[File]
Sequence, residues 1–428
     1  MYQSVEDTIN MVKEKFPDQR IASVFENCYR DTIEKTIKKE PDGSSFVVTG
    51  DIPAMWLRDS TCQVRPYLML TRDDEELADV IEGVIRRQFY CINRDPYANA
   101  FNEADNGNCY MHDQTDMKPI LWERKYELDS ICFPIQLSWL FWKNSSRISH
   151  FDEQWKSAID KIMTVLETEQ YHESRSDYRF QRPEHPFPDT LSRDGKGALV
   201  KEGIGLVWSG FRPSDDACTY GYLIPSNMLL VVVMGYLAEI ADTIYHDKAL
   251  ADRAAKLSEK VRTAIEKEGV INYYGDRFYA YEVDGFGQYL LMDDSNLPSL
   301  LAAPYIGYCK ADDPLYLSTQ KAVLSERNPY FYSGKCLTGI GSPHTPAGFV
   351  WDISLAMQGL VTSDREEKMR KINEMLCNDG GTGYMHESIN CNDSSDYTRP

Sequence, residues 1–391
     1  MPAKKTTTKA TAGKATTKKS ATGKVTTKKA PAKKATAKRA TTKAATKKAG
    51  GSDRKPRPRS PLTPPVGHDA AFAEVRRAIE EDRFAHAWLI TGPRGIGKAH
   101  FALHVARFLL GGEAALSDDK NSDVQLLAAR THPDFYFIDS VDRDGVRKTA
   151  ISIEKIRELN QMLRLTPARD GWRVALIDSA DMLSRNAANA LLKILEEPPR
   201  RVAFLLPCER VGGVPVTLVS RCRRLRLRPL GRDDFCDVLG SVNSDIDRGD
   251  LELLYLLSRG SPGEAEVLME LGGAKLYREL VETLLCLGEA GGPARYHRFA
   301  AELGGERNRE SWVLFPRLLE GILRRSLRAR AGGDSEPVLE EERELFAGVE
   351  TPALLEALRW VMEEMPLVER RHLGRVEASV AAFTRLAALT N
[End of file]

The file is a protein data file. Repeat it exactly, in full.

Sequence, residues 1–428
     1  MYQSVEDTIN MVKEKFPDQR IASVFENCYR DTIEKTIKKE PDGSSFVVTG
    51  DIPAMWLRDS TCQVRPYLML TRDDEELADV IEGVIRRQFY CINRDPYANA
   101  FNEADNGNCY MHDQTDMKPI LWERKYELDS ICFPIQLSWL FWKNSSRISH
   151  FDEQWKSAID KIMTVLETEQ YHESRSDYRF QRPEHPFPDT LSRDGKGALV
   201  KEGIGLVWSG FRPSDDACTY GYLIPSNMLL VVVMGYLAEI ADTIYHDKAL
   251  ADRAAKLSEK VRTAIEKEGV INYYGDRFYA YEVDGFGQYL LMDDSNLPSL
   301  LAAPYIGYCK ADDPLYLSTQ KAVLSERNPY FYSGKCLTGI GSPHTPAGFV
   351  WDISLAMQGL VTSDREEKMR KINEMLCNDG GTGYMHESIN CNDSSDYTRP

Sequence, residues 1–391
     1  MPAKKTTTKA TAGKATTKKS ATGKVTTKKA PAKKATAKRA TTKAATKKAG
    51  GSDRKPRPRS PLTPPVGHDA AFAEVRRAIE EDRFAHAWLI TGPRGIGKAH
   101  FALHVARFLL GGEAALSDDK NSDVQLLAAR THPDFYFIDS VDRDGVRKTA
   151  ISIEKIRELN QMLRLTPARD GWRVALIDSA DMLSRNAANA LLKILEEPPR
   201  RVAFLLPCER VGGVPVTLVS RCRRLRLRPL GRDDFCDVLG SVNSDIDRGD
   251  LELLYLLSRG SPGEAEVLME LGGAKLYREL VETLLCLGEA GGPARYHRFA
   301  AELGGERNRE SWVLFPRLLE GILRRSLRAR AGGDSEPVLE EERELFAGVE
   351  TPALLEALRW VMEEMPLVER RHLGRVEASV AAFTRLAALT N